To describe retinal and optic disc atrophy and a progressive decrease of visual function in 2 Japanese brothers. Both had a mutation in the CACNA1F gene, the causative gene of incomplete congenital stationary night blindness (CSNB).
We studied observational case reports and performed comprehensive ophthalmologic examinations including best-corrected visual acuity, biomicroscopy, ophthalmoscopy, fundus photography, and electroretinography. Genomic DNA was extracted from the peripheral blood, and all 48 exons of the CACNA1F gene were directly sequenced.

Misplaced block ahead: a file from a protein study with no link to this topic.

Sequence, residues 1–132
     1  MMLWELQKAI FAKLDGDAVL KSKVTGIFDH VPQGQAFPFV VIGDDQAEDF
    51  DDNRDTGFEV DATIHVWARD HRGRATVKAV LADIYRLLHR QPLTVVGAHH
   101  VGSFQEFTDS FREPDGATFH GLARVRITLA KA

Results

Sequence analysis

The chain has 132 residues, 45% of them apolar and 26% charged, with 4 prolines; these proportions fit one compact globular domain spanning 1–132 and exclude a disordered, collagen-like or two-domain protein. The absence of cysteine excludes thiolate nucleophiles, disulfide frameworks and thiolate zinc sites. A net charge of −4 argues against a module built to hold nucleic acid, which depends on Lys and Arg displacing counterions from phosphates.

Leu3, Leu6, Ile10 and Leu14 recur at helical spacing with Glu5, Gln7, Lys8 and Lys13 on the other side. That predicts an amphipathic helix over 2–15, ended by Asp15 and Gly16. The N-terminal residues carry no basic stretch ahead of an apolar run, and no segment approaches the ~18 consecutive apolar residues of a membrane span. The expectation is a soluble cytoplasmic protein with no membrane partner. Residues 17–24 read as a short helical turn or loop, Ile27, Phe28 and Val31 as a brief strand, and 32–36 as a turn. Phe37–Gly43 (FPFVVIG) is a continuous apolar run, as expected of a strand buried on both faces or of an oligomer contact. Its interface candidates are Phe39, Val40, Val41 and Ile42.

The 2 brothers had retinal and optic disc atrophy and a progressive reduction of visual acuity with increasing age. Although these clinical features are not typical of previous patients with incomplete CSNB, both patients had an in-frame mutation with deletion and insertion in exon 4 of the CACNA1F gene. In both patients, the bright-flash, mixed rod-cone electroretinogram had a negative configuration, a characteristic of incomplete CSNB. However, the full-field scotopic and photopic electroretinograms were nonrecordable, indicating severe, diffuse retinal malfunction, which is not typical in incomplete CSNB.
These findings indicate that a mutation of the CACNA1F gene may be associated with retinal and optic disc atrophy with a progressive decline of visual function.
In patients with retinal and optic disc atrophy associated with negative-type electroretinograms, a CACNA1F gene mutation should be considered.